Page 10 - Accounting Standards Board Annual Report For the Year Ended March 31, 2015
P. 10
8 AcSB Annual Report 2014-2015

–– formed support groups for Canadian members of the revenue recognition
and impairment of financial instruments Transition Resource Groups;

–– responded to each of the IASB’s exposure drafts and other formal requests
for information;

• continued to fulfil its responsibility for
improving Canadian generally accepted
accounting principles (GAAP) by applying
due process to the development and
adoption of new and amended IFRSs,
as well as domestic standards for
private enterprises and not-for-profit
organizations; and

• completed a risk assessment, in
conjunction with the Public Sector
Accounting Board (PSAB).

As a result of these achievements, the long- Left to Right: Linda Mezon – AcSB Chair, Harry Klompas – AcSB
term outcomes in the AcSB’s 2011-2016 staff

results chain that financial statements satisfy

the financial reporting needs of stakeholders have been reached. However, some issues

will take more time to deal with fully. The main remaining challenges are:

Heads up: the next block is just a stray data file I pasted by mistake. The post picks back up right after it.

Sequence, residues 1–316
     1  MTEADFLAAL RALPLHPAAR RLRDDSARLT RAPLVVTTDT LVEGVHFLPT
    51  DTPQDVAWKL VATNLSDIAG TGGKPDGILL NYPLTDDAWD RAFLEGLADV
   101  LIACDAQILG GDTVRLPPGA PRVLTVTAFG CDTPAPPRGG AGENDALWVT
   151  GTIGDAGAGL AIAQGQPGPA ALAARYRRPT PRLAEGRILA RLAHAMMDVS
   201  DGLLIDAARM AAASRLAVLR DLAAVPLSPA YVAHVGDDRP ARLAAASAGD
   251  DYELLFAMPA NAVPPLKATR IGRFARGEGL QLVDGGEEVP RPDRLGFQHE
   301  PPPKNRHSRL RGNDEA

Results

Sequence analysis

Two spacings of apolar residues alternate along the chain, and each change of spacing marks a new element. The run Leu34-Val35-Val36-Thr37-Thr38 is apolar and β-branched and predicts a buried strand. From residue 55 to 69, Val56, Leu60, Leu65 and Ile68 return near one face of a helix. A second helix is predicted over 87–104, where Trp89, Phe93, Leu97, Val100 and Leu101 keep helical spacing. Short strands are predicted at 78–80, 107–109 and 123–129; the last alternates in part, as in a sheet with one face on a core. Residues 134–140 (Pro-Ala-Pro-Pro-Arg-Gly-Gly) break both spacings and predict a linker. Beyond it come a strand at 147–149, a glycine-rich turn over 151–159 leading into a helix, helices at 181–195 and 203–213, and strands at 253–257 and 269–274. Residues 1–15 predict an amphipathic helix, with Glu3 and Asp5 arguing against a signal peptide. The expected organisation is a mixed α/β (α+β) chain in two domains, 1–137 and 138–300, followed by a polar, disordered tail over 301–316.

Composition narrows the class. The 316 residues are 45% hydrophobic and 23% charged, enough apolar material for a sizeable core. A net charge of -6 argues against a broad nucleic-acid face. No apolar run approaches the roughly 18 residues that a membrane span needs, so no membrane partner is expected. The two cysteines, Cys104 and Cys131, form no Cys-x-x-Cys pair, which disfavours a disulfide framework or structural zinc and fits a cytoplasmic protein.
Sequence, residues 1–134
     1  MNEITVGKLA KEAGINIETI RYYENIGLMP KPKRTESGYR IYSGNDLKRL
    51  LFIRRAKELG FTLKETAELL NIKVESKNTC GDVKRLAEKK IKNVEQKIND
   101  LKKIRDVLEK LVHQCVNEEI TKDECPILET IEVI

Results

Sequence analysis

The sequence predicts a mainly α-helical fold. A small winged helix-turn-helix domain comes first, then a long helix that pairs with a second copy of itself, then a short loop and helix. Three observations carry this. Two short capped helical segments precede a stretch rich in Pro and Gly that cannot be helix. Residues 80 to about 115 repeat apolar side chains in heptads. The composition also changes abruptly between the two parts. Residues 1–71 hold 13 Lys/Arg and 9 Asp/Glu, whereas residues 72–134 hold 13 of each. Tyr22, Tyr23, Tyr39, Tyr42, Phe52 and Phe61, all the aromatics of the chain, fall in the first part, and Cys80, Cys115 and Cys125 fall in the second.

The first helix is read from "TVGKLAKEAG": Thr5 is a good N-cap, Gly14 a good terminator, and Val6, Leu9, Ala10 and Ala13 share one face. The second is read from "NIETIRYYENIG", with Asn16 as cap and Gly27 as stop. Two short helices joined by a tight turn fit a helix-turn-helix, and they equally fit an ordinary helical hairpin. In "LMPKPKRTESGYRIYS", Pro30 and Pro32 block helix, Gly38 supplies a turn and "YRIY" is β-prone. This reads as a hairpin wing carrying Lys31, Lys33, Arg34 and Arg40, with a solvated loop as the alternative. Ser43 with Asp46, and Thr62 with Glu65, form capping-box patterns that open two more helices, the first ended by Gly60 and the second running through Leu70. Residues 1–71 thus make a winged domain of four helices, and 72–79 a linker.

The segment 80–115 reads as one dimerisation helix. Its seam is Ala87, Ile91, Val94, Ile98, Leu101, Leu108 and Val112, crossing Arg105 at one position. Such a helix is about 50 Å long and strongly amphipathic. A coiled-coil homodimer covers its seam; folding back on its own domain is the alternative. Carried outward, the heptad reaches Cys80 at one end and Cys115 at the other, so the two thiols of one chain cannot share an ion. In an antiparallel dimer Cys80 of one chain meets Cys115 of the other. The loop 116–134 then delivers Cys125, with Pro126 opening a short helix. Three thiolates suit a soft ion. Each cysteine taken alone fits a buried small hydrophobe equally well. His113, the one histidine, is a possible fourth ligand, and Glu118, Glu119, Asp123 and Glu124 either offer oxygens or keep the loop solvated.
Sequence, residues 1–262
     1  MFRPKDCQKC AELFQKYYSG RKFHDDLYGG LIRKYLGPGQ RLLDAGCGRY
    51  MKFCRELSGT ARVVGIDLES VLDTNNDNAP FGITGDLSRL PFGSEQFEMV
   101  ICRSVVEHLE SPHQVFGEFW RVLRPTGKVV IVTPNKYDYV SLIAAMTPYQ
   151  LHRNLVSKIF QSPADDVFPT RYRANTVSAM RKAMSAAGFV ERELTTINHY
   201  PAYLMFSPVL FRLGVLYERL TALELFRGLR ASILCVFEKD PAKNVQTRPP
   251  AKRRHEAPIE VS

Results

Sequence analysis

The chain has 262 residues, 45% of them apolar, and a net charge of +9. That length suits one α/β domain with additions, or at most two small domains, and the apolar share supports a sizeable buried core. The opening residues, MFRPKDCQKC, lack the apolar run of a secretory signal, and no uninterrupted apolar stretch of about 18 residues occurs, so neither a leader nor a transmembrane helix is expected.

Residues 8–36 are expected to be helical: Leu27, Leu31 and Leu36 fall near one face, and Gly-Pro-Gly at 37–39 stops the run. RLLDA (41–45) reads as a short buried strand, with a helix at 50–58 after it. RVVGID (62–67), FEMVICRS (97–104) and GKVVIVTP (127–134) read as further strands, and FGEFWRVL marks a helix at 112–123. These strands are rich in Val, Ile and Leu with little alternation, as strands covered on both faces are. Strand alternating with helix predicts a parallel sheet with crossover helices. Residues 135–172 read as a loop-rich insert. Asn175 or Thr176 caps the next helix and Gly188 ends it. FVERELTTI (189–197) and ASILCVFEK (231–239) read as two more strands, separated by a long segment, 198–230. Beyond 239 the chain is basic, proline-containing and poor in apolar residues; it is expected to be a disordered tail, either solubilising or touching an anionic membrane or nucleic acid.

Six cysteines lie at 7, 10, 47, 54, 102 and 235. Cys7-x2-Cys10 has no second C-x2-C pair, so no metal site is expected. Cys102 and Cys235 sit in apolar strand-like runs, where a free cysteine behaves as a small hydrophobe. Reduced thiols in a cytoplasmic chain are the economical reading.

• addressing the significant concerns of some Canadian stakeholders about IASB proposals

on insurance contracts;

• addressing practical implementation issues arising from the lack of clarity or the lack

of specific guidance in some IFRSs; and

• developing project proposals outlining the next steps in its work program related to

accounting standards for not-for-profit organizations, in light of the considerable input

received on the Statement of Principles.

The AcSB made slower progress towards certain targets in its 2014-2015 Annual Plan than
• The project to develop a new standard on agriculture — A delay resulted from limited staff

resources and a decision to avoid overburdening stakeholders by providing better spacing
of comment deadlines on multiple documents. Work is continuing and timely progress is
anticipated in 2015.
• The joint project with PSAB to review standards for not-for-profit organizations — The
substantial volume of responses on the Statement of Principles and the wide range of
issues raised by stakeholders required considerable time for the staff to analyze and
summarize, and for the Boards to consider.
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